Buy Diflucan (Fluconazole) No Prescription 50/100/150/200mg

Fluconazole [US: Diflucan 50mg, 100mg, 150mg, 200mg] Synonyms: Fluconazol; Fluconazolum; Flukonatsoli; Flukonazol; UK-49858  BAN: Fluconazole USAN: Fluconazole INN: Fluconazole [rINN (en)] INN: Fluconazol [rINN (es)] INN: Fluconazole [rINN (fr)] INN: Fluconazolum [rINN (la)] INN: Флуконазол [rINN (ru)] Chemical name: 2-(2,4-Difluorophenyl)-1,3-bis(1H-1,2,4-triazol-1-yl)propan-2-ol Molecular formula: C13H12F2N6O =306.3 CAS: 86386-73-4 ATC code: D01AC15; J02AC01 Read code: y02Ug Pharmacopoeias European Pharmacopoeia, 6th ed. (Fluconazole). A white or almost white, hygroscopic, crystalline powder. It exhibits polymorphism. Slightly soluble in water freely soluble in methyl alcohol soluble in acetone. Store in airtight containers. The United States Pharmacopeia 31, 2008, and Supplements 1 and 2 (Fluconazole). A white or almost white, crystalline powder. Slightly soluble in water soluble in […]

Purchase Diflucan (Fluconazole) No Prescription 50/100/150/200mg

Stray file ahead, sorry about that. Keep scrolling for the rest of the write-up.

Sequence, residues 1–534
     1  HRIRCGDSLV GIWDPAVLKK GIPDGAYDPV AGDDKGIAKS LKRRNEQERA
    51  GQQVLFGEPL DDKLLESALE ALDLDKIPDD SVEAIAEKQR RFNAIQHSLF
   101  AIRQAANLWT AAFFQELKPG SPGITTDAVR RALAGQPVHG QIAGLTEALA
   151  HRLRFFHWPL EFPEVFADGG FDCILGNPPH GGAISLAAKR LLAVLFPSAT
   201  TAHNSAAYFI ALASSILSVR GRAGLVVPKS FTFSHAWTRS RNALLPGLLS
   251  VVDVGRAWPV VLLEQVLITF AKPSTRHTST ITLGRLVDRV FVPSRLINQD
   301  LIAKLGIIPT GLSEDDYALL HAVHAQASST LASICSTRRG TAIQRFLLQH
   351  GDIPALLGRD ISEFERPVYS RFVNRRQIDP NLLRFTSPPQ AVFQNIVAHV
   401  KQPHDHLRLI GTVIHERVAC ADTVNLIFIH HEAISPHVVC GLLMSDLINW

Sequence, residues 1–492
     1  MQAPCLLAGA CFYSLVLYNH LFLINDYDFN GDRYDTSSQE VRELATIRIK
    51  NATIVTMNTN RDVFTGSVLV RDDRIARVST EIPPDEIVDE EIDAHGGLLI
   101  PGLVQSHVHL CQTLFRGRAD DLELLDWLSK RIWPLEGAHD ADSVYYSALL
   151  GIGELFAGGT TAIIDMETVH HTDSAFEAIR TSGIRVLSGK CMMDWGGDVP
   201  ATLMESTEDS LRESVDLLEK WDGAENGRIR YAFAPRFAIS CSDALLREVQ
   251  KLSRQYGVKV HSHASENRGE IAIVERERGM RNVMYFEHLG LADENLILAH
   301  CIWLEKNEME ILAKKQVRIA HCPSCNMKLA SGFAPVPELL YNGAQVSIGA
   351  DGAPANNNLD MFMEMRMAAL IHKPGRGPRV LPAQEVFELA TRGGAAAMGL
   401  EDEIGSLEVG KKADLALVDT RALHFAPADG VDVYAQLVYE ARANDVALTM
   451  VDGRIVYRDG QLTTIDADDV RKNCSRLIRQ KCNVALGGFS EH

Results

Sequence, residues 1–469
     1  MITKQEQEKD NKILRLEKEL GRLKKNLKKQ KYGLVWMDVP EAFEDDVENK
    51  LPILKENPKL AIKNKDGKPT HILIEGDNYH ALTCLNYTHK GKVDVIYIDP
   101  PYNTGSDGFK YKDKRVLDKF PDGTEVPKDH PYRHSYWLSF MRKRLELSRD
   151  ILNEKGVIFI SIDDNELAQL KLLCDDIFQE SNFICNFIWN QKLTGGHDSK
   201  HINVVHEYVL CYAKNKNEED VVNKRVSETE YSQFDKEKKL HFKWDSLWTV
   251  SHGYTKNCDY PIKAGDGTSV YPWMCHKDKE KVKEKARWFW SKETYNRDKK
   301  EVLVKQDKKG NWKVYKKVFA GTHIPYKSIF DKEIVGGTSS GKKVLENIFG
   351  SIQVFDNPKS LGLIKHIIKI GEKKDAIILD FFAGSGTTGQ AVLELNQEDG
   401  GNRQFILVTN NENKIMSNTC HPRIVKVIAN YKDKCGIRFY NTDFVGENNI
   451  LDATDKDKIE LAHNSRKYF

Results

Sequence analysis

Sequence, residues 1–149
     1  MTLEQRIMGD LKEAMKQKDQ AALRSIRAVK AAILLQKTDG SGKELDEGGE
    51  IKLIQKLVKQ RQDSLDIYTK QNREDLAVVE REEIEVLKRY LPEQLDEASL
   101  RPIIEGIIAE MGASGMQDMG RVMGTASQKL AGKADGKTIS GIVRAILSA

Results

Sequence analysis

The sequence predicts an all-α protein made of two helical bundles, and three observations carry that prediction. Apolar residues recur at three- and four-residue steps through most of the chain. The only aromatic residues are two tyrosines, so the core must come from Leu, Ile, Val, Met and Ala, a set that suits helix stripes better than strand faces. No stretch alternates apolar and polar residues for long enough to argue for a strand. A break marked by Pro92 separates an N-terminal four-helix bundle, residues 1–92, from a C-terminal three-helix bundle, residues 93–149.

Fluconazole: Uses and Administration Fluconazole is a triazole antifungal used for superficial mucosal (oropharyngeal, oesophageal, or vaginal) candidiasis and for fungal skin infections. It is also given for systemic infections including systemic candidiasis, coccidioidomycosis, and cryptococcosis, and has been tried in blastomycosis, histoplasmosis, and sporotrichosis. The place of fluconazole in the treatment of fungal infections is discussed in the various sections under Choice of Antifungal. Fluconazole is given by mouth or intravenous infusion in similar doses. For intravenous infusion it is given as a solution containing 2 mg/mL at a rate of 5 to 10 mL/minute (300 to 600 mL/hour). In the USA, a maximum infusion rate of 100 mL/hour […]